China’s power consumption hits new record

China lend2 Aug11.pngChina’s growth in electricity consumption is a much better guide to its economic growth than the published GDP figures. This was confirmed by likely next premier, Li Keqiang. It has been a major reason for the blog’s long-standing focus on this key area.

The problem with GDP is that it is a target for local Party members, not an output. As Li noted, it is for “guidance” only.

Thus GDP has been reported at ~10% since the stimulus programmes went into effect from Q4 2008. But as the chart shows, electricity consumption (blue line) has far outpaced this level of growth:

• It reached a record 435 kWh in July
• The January – July total was 15% above the 2010 level
• Similarly, Jan-July 2010 was 15% about the 2009 level

15% GDP growth would ring warning bells in any country. It would highlight potential overheating, and a rising risk of a banking crisis.

Exactly on cue, such worries are now emerging. As the Wall Street Journal reports, local government has been the main driver of the lending:

• Loans to local government for highways and other infrastructure projects are estimated at RMB14.4trn ($2.25trn)
• They represent a third of all loans in China
• Banks often received land as collateral for these loans

But for the past year, the central bank has worried about whether these loans will be repaid. It has pushed up reserve ratios, causing China’s publicly traded banks to raise RMB 595bn ($93bn) of new capital.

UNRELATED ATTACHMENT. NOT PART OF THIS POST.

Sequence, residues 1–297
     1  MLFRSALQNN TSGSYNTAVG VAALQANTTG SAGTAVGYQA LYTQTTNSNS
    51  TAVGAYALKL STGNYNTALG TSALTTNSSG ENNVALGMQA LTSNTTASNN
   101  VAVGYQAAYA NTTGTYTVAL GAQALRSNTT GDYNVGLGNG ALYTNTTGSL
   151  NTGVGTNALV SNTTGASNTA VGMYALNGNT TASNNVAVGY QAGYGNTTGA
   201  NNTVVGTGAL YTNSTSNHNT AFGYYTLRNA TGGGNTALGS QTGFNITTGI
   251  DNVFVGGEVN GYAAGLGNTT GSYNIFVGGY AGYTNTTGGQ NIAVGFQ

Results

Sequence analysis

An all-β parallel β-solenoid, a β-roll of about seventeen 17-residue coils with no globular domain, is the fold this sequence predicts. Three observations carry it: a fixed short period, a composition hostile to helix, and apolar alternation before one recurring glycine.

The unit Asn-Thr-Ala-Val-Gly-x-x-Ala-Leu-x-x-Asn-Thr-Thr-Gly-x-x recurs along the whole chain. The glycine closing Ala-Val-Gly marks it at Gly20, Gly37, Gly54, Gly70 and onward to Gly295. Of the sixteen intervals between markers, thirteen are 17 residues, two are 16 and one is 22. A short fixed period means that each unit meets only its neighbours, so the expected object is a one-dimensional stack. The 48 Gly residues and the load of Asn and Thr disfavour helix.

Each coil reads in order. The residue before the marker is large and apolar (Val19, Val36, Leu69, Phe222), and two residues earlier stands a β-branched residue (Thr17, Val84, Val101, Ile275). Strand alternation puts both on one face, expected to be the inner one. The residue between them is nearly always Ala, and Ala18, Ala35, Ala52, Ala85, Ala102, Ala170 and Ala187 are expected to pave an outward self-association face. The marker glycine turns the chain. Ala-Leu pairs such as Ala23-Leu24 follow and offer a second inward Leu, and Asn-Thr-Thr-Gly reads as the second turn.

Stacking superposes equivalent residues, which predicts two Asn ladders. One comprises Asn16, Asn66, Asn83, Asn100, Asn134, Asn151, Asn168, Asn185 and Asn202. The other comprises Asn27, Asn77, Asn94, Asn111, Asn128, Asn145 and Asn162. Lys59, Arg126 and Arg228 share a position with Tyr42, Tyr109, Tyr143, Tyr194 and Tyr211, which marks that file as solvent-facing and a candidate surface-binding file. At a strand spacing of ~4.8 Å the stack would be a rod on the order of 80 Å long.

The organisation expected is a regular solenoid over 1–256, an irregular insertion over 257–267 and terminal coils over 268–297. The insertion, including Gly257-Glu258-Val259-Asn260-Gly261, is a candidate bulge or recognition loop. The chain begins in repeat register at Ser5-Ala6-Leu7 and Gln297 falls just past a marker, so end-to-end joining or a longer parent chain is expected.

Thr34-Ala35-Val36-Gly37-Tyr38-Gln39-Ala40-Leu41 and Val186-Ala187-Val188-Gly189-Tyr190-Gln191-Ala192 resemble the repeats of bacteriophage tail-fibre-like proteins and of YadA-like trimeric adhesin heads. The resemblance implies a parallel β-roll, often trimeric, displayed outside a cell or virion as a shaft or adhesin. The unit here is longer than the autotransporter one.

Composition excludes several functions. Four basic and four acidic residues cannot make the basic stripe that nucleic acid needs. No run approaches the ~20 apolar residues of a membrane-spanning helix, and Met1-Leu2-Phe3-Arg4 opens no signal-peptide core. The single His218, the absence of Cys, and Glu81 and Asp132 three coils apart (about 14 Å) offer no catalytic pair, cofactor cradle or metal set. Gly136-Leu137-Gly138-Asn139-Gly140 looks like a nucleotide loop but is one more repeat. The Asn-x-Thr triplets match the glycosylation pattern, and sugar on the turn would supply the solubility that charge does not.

But in turn, of course, this is making new loans harder to obtain, as the chart also shows (red column). So the credit bubble is beginning to burst. Bank of China, for example, recorded RMB 135bn of bad loans in H1, more than the RMB 123bn it reported for the whole of 2010.

Most analysts, of course, are convinced that China will avoid a banking crisis. But most analysts also failed to spot the US sub-prime crisis.

About Paul Hodges

Paul Hodges is Chairman of International eChem, trusted commercial advisers to the global chemical industry. He also serves as a Global Expert for the World Economic Forum. The aim of this blog is to share ideas about the influences that may shape the chemical industry and the global economy over the next 12 – 18 months. It looks behind today’s headlines, to understand what may happen next in critical areas such as oil prices, China and Emerging Markets, currencies, autos, housing, economic growth and the environment. Please do join me and share your thoughts. Between us, we will hopefully develop useful insights into the key factors that will drive the industry's future performance.


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